Merkel's Final Act

German flag is seen outside the German lower house of parliament Bundestag before the election of a new chancellor in Berlin, Germany, March 14, 2018. REUTERS/Hannibal Hanschke

International security will be a crucial part of how Merkel’s last term will be remembered.

May-June 2018

Frank-Walter Steinmeier, entering his second term as foreign minister after a four-year break, was worried about this growing gap between expectations from abroad and reluctance at home. He launched a major outreach exercise to promote Germany’s “international responsibility.” He need not have worried, as it turned out. Enter Putin’s invasion of Ukraine and the refugees who opened Germans’ eyes to the outside world. Moscow’s aggressive behavior, in particular, forced many senior figures, including Merkel and Steinmeier themselves, to revise long and dearly held assumptions about Russia and the foundations for peace in Europe. Trump’s election made the United States an unreliable partner; the British vote for Brexit kicked one leg away from the three-legged stool of EU leadership. China, the main beneficiary of the American crisis, got more and more assertive—and better and better in playing the Europeans against one another.

In 2013, none of Germany’s political parties had been ready for this “world out of joint,” as Steinmeier called it in his speeches. That Germany managed to navigate those turbulent years reasonably well is the result of his and Merkel’s personal diplomatic skills, and the professionalism of a foreign- and security-policy bureaucracy that rose to the challenge. Their learning curve was a steep one, and their success in building and maintaining a responsible approach to the Russian invasion of Ukraine and many other hotspots obscured the thin foundation on which that success was built—particularly where the political parties were concerned.

German politics saw hot debates over key decisions such as sanctions on Russia and the “Turkey deal” on refugees. But the strategic challenges beyond those day-to-day decisions, how we understand the problems and what tools we have to develop solutions often went ignored outside the Berlin bubble of experts. The conservatives outsourced most difficult decisions to their leadership, while the left-of-center parties held often-vicious internal debates over tactical and operational issues while ignoring the larger strategic picture.

THE EASY part is all the traditional security challenges for which we already have well-known strategies and tools. Keeping the peace in Europe requires saving the European project and maintaining U.S. deterrence against Russia, while saving arms control and (re)building a durable regional-security order. For the Kim Jong-uns out there, we need arms control and diplomacy.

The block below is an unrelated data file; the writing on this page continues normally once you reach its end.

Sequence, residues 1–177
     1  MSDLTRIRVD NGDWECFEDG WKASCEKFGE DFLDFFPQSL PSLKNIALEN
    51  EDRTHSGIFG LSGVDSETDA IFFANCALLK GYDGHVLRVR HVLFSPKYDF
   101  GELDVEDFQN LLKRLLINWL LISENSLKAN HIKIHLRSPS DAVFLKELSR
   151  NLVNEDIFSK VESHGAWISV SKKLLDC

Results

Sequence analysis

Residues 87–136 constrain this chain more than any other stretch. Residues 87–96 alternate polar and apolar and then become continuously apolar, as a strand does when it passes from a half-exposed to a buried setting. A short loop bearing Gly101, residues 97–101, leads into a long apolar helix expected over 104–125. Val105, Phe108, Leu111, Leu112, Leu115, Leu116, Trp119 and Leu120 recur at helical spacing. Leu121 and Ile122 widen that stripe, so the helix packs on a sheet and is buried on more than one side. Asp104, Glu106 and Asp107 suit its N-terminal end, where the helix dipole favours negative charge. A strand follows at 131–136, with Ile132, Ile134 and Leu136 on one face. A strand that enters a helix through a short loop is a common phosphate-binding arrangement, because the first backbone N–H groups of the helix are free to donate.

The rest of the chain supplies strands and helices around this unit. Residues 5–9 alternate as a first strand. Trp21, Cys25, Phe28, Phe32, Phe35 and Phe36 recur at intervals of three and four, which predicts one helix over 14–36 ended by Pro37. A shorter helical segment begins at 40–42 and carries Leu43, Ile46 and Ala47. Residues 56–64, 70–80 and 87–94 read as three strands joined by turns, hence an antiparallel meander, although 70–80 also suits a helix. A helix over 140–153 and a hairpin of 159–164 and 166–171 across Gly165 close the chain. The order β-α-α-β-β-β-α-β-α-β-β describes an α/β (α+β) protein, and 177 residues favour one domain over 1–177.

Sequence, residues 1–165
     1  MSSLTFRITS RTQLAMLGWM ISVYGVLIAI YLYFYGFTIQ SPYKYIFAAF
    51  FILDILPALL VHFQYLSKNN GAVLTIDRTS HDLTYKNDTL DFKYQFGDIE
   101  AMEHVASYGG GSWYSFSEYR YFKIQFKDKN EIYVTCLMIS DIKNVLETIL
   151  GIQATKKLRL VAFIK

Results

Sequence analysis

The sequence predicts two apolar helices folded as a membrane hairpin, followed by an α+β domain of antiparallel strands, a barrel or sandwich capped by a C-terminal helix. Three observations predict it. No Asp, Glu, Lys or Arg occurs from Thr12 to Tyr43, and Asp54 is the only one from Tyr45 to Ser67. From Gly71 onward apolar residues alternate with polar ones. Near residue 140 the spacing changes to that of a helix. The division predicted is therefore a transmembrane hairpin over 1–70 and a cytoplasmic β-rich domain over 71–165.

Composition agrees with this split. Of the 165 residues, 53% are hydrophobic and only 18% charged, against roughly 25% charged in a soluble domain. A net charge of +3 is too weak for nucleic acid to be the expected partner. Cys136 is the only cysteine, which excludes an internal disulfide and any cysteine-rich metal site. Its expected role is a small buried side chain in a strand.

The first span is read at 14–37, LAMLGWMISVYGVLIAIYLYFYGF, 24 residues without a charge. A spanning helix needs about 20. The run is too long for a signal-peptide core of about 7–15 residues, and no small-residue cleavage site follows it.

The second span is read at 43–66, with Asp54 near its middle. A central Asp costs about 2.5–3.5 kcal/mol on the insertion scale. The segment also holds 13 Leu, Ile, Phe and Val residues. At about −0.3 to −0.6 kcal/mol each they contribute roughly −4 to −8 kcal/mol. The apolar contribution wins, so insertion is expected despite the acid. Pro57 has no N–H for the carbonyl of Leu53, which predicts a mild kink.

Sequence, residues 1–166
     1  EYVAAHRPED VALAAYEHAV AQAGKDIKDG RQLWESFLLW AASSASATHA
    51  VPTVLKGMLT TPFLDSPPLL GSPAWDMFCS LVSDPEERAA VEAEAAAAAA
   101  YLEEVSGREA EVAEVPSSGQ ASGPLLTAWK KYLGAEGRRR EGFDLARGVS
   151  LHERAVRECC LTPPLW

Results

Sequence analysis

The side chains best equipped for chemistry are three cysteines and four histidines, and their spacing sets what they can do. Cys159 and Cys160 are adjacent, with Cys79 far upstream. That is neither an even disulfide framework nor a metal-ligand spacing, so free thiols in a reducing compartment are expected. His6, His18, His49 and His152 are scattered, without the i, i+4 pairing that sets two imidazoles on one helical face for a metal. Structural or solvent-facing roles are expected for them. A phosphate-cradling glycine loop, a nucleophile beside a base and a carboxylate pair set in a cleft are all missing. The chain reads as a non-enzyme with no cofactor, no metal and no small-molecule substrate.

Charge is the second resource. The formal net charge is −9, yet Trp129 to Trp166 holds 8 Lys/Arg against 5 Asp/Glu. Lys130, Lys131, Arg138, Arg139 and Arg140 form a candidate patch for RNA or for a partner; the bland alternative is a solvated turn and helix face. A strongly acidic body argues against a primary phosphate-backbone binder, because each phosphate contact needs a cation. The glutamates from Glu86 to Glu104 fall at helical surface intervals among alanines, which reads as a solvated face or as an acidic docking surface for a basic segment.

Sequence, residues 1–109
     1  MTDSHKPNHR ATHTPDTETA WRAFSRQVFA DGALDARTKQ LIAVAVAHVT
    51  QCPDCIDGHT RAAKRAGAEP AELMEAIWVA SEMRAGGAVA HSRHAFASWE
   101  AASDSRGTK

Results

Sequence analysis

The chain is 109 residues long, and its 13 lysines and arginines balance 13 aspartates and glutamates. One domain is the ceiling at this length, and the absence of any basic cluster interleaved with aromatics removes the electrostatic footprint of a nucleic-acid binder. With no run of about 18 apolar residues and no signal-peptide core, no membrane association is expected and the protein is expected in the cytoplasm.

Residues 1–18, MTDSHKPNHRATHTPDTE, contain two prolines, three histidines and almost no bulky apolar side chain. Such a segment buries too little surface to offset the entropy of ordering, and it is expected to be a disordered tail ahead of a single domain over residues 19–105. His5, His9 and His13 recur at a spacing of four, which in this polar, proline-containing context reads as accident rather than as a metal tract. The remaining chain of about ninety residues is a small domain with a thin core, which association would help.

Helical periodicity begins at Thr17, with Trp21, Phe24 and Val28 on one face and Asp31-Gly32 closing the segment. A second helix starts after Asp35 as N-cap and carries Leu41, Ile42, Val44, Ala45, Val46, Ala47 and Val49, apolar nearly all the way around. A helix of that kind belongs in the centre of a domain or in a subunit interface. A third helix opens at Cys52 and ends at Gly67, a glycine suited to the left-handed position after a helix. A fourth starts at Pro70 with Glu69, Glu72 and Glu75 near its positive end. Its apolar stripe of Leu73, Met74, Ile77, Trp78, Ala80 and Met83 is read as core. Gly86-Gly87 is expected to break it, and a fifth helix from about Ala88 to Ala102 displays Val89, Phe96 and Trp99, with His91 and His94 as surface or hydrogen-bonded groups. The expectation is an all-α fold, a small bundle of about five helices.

But there are also new threats to Europe’s open societies. The defining rift of our time, as the new foreign minister Heiko Maas put it in his first staff meeting on March 14, is “between those who cherish openness and those who seek to return to isolation and nationalism. When authoritarian powers try to topple our internal order, we need to react.”

There are also the consequences of the wars and violence in the Middle East and Africa. War in Syria, terrorist attacks in Nigeria, organized crime and displacement are not going to destroy European states or societies. But the dead, the injured, the fear and the economic costs are very real, and governments are expected to protect their societies from these effects. These are the security challenges that Emmanuel Macron has in mind when he suggests building a “Europe that unites to protect, intervene and save lives,” including from external security risks.

Most of the German population recognized this new international environment and supported more foreign-policy leadership; they even understood the need for increased military spending and cautiously supported most military deployments. In an October 2017 poll, 59 percent supported a more active international role, not just by way of diplomacy (84 percent) or aid (71 percent), but also military training (59 percent) and stabilization (56 percent) or police operations (55 percent).

What did Germany’s leading parties offer in this regard when the 2017 campaign season came around? In their joint manifesto, Merkel’s conservatives promised “relevant contributions” to a “sustainably peaceful, stable and just world order.” And they would start right at home: the first item on the CDU/CSU’s foreign-policy agenda was “to strengthen Bonn [the former capital] as the German seat of the United Nations, international NGOs and as a location for international conferences.” You read that right. Further down, they pledged more money for defense and development, toward NATO’s 2 percent goal and the OECD’s 0.7 percent goal, respectively. Those were the only changes from previous electoral platforms. The conservative answer to modern security challenges: more money for the same tools.

And what about the SPD? Its platform included plenty of thoughtful priorities for fixing this program and strengthening that tool, but the party’s leaders chose a mud fight with Merkel over “warmongering” (for the CDU’s claim to push defense spending toward 2 percent of GDP) versus “peace” (the SPD’s pledge to spend more on aid) as their signature international campaign issue. It’s telling that in times of a fracturing West and a world in which Europe’s role is challenged, the biggest foreign-policy idea of Willy Brandt’s old party was to criticize an increase in defense spending slightly higher than its own proposed increase.

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